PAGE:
When it comes to unplanned expenses that many retailers have to deal with, chargebacks are no joke. Retail chargebacks are common for many businesses, and it doesn’t matter what industry you are in or what you happen to sell. New business owners can often find themselves surprised by the number of retail chargebacks they have to deal with on a regular basis. Many amateur business owners aren’t even aware of what a retail chargeback is or how it affects their bottom line.
We here at Electronic Transfer deal with retail chargebacks rather frequently, and we know how frustrating they can be for business owners, especially ones that are trying to get their stores off the ground. In this article, we’ll go over all you need to know about retail chargebacks so you have a better idea of what they are and how they pop up. This knowledge should help you make better-informed decisions in the future about how you process your electronic transactions.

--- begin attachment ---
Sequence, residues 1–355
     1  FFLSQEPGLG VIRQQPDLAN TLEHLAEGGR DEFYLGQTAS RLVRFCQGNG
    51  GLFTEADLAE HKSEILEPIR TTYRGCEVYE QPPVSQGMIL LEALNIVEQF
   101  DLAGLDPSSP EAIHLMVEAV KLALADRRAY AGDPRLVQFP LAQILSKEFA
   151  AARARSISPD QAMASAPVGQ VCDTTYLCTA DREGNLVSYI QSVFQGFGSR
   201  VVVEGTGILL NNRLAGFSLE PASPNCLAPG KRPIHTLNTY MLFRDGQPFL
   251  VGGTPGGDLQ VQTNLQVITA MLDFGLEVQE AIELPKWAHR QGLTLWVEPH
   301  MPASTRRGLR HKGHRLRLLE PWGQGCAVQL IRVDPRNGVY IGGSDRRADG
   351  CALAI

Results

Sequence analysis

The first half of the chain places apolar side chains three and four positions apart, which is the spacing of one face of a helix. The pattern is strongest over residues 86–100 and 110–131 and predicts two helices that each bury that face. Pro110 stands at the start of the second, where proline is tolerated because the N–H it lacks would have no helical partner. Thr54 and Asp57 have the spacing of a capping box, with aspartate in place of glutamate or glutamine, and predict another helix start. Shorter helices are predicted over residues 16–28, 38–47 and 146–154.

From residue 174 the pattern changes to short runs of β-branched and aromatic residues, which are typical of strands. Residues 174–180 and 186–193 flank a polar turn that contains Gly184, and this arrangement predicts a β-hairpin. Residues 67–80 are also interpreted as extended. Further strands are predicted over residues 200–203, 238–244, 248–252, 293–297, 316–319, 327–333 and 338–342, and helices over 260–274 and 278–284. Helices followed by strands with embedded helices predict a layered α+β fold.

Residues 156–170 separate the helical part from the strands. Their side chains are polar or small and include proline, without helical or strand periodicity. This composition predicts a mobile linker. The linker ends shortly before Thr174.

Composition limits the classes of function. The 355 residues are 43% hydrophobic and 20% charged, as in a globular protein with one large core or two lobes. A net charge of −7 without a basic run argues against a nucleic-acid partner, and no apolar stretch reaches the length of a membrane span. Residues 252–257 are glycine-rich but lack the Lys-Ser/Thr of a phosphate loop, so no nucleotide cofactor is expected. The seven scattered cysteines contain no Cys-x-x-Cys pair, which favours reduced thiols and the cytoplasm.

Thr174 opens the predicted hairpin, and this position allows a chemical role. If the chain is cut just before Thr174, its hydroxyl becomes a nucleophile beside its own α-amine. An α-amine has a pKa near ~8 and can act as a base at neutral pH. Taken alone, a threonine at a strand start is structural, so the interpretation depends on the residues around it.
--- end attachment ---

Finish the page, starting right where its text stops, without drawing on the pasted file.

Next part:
What Exactly Is a Retail Chargeback?
If you want to figure out everything you need to know about retail chargebacks, it’s important to start with a solid understanding of what the term refers to in the first place. A chargeback occurs when a cardholder asks their bank to undo a transaction that they don’t recognize on their statement for whatever reason. You can also think of this as a “payment dispute” since the cardholder is disputing their bank on the validity of a transaction on their statement.
Why Are Retail Chargebacks Important?
Despite being annoying to deal with for business owners, retail chargebacks are very important for people to be able to do. Besides the fact that they help recover money that the cardholder never actually spent, the presence of chargebacks offers some extra benefits for consumers. Without chargebacks, the landscape of purchasing would be a lot more treacherous for consumers.
They Make Sure Merchants Stay Honest